06 Oct 2015

In September I was able to attend two conferences, to learn more about relevant research and also to present our work so far.

The first conference was organised by the Society for the study for behavioural phenotypes (SSBP). The purpose of the SSBP is to study the learning and behavioural problems of individuals with genetic disorders, so the TASTER project fitted in very well. I presented a poster on our progress so far, and was able to show some encouraging data from our playtests.

The second conference was on ‘Virtual worlds and games for serious applications (VS-Games).’ This was more focused on serious games, that is, games designed for a purpose other than just entertainment. This time I was able to give a short oral presentation. Since the focus of this conference was different, I spent more time talking about the design and development process I’ve been using. A really important part of this process has been the involvement of children with PWS throughout development, and this involvement is on several levels. Obviously, children have informed on the design of the game, both by telling us directly what their preferences are, and through behavioural and physiological measures of how engaged they are with the prototypes. But in a more abstract sense, children are involved in virtue of the fact that our decision to make a game that trains cognitive flexibility is based on scientific research that has linked a deficit in this area (in children with PWS) to temper outbursts.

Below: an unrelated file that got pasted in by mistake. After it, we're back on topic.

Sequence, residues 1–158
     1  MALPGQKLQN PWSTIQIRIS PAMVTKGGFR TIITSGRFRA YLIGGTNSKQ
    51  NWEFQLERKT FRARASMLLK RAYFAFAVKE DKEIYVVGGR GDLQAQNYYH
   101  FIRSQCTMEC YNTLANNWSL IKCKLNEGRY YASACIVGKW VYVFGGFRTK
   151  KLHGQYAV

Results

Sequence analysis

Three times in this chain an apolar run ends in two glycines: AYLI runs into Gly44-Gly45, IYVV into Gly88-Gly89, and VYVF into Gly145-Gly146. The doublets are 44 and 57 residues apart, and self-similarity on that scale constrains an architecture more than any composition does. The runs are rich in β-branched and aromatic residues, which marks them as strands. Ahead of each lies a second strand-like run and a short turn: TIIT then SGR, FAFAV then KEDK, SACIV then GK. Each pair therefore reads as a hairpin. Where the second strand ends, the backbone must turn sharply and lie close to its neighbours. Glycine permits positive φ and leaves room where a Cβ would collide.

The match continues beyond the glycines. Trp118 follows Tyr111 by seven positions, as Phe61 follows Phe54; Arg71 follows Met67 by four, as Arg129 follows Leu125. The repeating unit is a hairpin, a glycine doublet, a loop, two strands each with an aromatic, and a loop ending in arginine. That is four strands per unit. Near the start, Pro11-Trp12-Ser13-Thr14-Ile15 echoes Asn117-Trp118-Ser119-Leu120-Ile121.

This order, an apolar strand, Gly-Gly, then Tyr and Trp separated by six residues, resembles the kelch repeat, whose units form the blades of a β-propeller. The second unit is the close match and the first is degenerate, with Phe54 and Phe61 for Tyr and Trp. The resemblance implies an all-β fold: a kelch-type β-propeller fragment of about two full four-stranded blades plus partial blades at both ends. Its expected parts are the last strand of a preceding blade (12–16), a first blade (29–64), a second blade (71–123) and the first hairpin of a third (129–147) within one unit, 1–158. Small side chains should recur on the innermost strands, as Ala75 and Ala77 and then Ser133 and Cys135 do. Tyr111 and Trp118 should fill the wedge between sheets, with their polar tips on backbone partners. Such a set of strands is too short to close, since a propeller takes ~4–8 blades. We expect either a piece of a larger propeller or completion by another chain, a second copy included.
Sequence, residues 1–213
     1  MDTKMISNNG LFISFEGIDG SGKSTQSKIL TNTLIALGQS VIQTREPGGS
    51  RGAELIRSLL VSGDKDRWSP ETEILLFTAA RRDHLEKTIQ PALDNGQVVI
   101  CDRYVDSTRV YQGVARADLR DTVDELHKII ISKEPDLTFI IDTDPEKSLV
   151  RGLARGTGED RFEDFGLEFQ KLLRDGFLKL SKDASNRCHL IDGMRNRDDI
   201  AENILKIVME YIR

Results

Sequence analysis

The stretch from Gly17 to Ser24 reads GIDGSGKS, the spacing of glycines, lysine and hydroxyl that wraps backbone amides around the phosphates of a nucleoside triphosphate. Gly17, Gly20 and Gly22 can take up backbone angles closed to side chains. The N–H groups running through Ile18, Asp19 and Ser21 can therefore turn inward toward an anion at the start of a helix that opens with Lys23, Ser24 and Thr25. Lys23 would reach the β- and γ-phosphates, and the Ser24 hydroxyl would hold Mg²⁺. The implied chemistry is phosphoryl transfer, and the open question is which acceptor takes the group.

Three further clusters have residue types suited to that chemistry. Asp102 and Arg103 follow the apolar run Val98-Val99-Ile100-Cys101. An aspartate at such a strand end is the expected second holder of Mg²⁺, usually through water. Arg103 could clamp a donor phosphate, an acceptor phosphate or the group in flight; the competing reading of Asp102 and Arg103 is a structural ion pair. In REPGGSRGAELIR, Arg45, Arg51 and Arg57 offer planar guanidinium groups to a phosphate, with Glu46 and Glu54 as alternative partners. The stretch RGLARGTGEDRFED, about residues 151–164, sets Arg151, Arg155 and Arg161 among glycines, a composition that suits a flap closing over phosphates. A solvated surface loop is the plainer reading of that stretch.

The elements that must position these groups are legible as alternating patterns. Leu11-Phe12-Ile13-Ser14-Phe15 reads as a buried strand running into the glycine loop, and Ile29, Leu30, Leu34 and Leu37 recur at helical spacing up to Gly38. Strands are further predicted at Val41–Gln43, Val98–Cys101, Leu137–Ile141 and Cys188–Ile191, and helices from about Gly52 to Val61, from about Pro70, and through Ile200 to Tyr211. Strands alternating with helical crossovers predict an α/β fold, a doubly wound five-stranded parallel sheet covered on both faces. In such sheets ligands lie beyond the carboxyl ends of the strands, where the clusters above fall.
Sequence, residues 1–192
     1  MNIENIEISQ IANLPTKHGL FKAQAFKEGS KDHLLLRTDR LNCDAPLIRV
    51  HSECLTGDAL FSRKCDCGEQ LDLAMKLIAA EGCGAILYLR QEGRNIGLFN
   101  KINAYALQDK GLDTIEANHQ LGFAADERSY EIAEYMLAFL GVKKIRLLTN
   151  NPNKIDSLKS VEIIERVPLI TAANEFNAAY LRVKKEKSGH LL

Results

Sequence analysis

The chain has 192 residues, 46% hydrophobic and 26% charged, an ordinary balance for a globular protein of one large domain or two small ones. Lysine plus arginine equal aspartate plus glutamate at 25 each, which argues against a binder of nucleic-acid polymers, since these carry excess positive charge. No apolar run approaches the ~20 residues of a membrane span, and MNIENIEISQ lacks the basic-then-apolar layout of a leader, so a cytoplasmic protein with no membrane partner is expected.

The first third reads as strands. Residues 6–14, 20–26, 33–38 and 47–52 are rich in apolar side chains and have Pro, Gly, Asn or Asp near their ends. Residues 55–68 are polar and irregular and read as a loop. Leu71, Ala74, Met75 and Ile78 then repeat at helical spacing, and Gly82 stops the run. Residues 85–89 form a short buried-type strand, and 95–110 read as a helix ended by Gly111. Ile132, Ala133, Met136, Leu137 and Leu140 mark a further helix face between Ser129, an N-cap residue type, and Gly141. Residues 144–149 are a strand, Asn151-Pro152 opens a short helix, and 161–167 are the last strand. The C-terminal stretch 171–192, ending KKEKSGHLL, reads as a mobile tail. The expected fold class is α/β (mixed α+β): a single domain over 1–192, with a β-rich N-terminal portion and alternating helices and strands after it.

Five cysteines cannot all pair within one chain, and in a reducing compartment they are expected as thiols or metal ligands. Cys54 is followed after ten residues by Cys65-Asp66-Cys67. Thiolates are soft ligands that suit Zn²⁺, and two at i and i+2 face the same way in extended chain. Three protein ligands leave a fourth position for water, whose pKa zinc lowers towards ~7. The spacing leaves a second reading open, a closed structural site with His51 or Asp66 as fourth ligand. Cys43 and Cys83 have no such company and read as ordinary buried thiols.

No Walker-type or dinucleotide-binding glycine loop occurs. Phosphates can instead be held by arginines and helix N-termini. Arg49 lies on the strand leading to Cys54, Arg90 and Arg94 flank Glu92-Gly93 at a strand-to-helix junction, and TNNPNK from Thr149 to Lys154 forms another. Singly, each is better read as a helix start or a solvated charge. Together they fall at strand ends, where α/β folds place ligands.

Both conferences were really informative, with a great range of interesting research on display, and I learned a lot by attending them.

Posted by Nigel Robb